15. Mary E. Fissell “Introduction: Women, Health, and Healing in Early Modern Europe,” Bulletin of the History of Medicine 82 (February 2008): 14, DOI: 10.1353/bhm.2008.0024.
  16. Green, “Gendering” 495.
  17. Pearl Kibre, “The Faculty of Medicine at Paris, Charlatanism, and Unlicensed Medical Practices in the Later Middle Ages,” Bulletin of the History of Medicine, Vol. 27, No. 1 (January-February, 1953): 2, https://www.jstor.org/stable/44443718.
  18. Green, “Getting to the Source,” 49-53.
  19. Medieval Medicine: A Reader ed. Faith Wallis, (Toronto: University of Toronto Press, Higher Education Division, 2019), 367.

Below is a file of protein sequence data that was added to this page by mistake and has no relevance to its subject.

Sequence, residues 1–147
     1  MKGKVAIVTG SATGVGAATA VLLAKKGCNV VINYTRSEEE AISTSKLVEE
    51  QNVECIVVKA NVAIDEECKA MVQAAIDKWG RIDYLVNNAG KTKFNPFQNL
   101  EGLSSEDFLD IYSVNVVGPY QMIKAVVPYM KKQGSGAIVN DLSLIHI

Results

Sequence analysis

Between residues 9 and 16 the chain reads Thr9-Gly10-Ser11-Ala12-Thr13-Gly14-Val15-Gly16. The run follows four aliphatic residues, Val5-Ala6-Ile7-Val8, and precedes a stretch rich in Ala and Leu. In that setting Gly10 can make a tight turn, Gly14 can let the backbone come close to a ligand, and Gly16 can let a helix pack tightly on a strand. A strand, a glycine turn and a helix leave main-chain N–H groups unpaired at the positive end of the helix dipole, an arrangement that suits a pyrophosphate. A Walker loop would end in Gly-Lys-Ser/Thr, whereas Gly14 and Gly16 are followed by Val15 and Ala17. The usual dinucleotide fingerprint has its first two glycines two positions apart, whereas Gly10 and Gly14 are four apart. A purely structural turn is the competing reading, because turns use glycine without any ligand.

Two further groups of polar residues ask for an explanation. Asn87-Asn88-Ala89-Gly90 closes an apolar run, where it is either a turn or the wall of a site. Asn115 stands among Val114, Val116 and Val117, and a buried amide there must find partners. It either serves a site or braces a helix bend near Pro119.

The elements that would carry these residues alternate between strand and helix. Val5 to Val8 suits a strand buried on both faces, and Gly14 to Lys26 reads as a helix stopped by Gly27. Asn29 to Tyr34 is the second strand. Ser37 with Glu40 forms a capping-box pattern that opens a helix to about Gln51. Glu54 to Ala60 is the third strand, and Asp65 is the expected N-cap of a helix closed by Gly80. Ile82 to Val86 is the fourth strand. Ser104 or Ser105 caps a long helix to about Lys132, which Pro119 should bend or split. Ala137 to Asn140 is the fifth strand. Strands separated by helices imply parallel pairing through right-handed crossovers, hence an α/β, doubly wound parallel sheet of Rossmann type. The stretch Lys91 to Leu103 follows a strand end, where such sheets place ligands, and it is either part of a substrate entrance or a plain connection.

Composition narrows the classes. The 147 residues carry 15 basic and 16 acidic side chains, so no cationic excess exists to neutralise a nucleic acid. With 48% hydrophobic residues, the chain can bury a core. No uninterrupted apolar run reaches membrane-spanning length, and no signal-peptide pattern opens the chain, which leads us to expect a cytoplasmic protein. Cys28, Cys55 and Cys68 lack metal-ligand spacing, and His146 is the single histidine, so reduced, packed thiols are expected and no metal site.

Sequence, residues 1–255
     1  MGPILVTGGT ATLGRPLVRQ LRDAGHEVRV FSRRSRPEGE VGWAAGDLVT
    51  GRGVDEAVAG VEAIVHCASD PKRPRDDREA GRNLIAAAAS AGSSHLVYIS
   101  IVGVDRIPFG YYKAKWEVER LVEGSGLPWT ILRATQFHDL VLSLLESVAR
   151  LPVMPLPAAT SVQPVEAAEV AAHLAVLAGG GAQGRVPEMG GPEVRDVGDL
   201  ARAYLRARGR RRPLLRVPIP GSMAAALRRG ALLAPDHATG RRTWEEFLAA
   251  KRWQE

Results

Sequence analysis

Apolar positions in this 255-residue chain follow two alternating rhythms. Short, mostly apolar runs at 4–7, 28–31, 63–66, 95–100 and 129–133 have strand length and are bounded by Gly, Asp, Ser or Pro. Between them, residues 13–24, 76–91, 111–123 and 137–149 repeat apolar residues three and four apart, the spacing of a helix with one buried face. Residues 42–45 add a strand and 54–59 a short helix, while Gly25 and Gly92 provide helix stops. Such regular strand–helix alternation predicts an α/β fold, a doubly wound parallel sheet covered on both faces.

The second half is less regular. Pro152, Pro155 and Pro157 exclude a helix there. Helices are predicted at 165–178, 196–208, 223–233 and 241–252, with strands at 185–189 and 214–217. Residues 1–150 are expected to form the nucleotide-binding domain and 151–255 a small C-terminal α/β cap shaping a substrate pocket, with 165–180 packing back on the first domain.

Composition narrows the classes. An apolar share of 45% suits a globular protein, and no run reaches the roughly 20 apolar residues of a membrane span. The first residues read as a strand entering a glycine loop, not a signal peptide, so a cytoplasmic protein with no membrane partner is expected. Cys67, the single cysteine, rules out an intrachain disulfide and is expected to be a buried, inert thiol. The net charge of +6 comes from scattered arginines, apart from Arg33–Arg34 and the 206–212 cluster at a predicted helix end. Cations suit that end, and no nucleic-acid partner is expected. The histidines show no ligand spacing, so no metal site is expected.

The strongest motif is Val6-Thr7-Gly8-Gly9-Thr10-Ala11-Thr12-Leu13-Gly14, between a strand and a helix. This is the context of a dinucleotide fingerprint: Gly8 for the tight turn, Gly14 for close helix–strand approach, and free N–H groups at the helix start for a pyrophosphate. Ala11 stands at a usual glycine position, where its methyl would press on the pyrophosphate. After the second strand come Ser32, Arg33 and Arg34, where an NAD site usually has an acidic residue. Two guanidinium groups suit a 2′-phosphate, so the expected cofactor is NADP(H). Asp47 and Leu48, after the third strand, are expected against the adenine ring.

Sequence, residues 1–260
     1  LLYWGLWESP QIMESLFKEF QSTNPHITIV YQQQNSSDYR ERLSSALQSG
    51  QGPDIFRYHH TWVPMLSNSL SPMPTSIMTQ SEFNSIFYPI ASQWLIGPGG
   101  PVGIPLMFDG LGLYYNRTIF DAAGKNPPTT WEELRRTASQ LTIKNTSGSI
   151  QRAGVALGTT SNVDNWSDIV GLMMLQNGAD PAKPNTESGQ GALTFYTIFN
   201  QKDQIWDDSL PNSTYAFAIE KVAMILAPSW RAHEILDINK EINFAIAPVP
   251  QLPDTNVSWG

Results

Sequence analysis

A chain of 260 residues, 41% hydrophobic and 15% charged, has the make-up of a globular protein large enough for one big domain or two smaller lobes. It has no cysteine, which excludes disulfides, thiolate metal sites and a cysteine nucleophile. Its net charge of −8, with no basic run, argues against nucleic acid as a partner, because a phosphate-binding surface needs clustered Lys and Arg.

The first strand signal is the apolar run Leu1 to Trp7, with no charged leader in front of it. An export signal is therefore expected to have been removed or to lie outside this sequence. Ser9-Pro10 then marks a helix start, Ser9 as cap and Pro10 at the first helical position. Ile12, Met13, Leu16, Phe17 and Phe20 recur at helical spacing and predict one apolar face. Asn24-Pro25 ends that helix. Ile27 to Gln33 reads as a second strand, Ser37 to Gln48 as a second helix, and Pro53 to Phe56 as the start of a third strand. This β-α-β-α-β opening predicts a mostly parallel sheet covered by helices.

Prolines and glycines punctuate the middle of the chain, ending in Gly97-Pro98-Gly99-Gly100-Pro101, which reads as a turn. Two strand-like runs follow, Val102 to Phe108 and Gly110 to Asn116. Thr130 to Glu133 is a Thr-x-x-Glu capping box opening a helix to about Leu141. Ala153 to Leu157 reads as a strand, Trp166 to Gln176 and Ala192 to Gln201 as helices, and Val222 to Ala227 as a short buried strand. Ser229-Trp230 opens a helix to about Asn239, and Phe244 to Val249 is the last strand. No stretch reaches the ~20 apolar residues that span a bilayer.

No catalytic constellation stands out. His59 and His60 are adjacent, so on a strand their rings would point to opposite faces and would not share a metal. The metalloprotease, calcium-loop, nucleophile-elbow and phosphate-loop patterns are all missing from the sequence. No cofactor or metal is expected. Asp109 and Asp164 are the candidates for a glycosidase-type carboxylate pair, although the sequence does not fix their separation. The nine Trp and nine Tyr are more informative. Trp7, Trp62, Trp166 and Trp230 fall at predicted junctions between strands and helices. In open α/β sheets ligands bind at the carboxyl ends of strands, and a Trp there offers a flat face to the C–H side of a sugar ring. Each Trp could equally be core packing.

20. Ibid. 366.
  21. Michèle Le Doeuff, The Sex of Knowing, Trans. Kathryn Hamer and Lorraine Code, (New York: Taylor & Francis, 2003), 76.
  22. Medieval Medicine: A Reader 368.
  23. Ibid. 368-369.
  24. Ibid. 368.
  25. Penny S. Gold, “A Medieval Tapestry,” review of A Small Sound of the Trumpet: Women in Medieval Life, by Margaret Wade Labarge, The Women’s Review of Books. 4, No. 6 (Mar., 1987), p. 15, https://www.jstor.org/stable/4020079.
  26. Medieval Medicine: A Reader, 368.
  27. Green, Making Women’s Medicine Masculine, 15.
  28. Medieval Medicine: A Reader, 368.
  29. Minkowsli, “Women Healers,” 293.
  30. Pearl Kibre, “The Faculty of Medicine at Paris, Charlatanism,” 8.
  31. Minkowsli, “Women Healers,” 293.

 

Bibliography

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  • Bullough, Vern L. “Status and Medieval Medicine.” Journal of Health and Human Behavior 2, no. 3 (Autumn, 1961): pp. 204-210. https://www.jstor.org/stable/2948986